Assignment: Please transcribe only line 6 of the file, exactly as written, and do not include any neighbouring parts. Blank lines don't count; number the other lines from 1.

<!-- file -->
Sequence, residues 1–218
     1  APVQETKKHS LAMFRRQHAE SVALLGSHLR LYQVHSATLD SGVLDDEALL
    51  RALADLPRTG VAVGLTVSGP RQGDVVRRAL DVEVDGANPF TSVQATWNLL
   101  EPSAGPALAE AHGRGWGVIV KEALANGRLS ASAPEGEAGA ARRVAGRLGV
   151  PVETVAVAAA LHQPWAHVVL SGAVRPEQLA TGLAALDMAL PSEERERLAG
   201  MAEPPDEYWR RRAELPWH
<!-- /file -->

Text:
   201  MAEPPDEYWR RRAELPWH